In addition, the brief allows that "regardless of whether the government sincerely believes EBSA Form 700 is morally meaningful, the relevant legal question is whether the Little Sisters do. And on that point, there is no dispute: the Little Sisters cannot execute and deliver the contraceptive coverage form without violating their religious conscience. The government may think the Little Sisters should reason differently about law and morality, but their actual religious beliefs — the beliefs that matter in this case — have led them to conclude that they cannot sign or send the government's Form."
Finally, the government's so-called "scheme" is said to violate the First Amendment, because it has "exempted a large class of religious organizations based on unfounded guesswork about the likely religious characteristics of different religious organizations. The government has no power to discriminate in this fashion, allowing some religious organizations to survive while crushing others with fines for the identical religious exercise. This violation of the Free Exercise and Establishment Clauses is compounded by a clear violation of the Free Speech Clause: the Mandate both compels the Little Sisters to engage in government-required speech against their will, and prohibits them from engaging in speech they wish to make."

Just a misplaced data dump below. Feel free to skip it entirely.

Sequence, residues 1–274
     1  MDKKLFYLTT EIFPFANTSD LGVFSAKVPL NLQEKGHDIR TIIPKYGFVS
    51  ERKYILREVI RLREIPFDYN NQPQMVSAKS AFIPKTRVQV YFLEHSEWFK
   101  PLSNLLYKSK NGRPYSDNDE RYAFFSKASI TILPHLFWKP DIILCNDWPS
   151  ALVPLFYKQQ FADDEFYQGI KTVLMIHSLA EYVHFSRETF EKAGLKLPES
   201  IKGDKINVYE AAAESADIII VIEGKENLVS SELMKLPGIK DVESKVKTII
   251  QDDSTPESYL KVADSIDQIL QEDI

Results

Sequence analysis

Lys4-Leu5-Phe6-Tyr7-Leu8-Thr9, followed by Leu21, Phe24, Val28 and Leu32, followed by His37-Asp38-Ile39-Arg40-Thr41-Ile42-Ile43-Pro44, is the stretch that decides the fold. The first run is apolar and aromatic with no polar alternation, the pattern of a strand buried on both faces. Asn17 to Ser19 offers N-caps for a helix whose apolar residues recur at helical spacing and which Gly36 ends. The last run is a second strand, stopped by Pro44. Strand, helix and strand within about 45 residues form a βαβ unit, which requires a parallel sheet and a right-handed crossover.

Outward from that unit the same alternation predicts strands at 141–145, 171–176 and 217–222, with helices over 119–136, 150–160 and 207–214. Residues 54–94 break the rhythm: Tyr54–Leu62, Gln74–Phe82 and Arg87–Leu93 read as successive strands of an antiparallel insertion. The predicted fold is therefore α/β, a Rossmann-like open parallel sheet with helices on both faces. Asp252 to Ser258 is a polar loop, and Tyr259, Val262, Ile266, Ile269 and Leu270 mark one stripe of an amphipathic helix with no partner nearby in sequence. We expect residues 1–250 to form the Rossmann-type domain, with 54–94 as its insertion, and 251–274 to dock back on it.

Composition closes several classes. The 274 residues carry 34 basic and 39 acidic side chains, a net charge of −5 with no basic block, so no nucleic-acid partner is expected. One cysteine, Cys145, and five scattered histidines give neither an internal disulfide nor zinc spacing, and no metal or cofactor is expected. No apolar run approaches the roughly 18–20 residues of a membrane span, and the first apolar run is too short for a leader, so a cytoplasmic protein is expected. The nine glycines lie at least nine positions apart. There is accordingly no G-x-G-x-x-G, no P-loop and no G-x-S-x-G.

These arguments didn't win the day in Denver.
However, Mat Staver, founder and chairman of the Liberty Counsel, a nonprofit working on behalf of the Little Sisters this time around, is looking forward to them being pressed today at the U.S. Supreme Court.
"Little Sisters of the Poor and many other religious, nonprofit organizations cannot and will not participate in killing innocent children," Staver maintains in a statement. "The federal government should never force Christian ministries to violate their faith in order to continue their mission.
"The Obama Administration's HHS mandate compels Little Sisters of the Poor to act against their sincerely held religious beliefs or face crippling fines that would end their ministry," he continues. "The Court must reaffirm America's historic commitment to religious liberty or restrict its free exercise for decades to come."
Staver adds that "this case brings into focus the importance of replacing Justice Scalia with a Justice who will adhere to the original meaning of the Constitution. If the Court splits 4-4, then there is no final decision. That would mean the Christian groups, including Little Sisters of the Poor, will lose. In the event the Court evenly splits, the Justices could also decide to rehear the cases when Justice Scalia's seat is filled."
Look below to see a video introduction to the Little Sisters of the Poor, followed by a February 2014 brief, the original complaint and an NPR report about the case as it heads to the Supreme Court.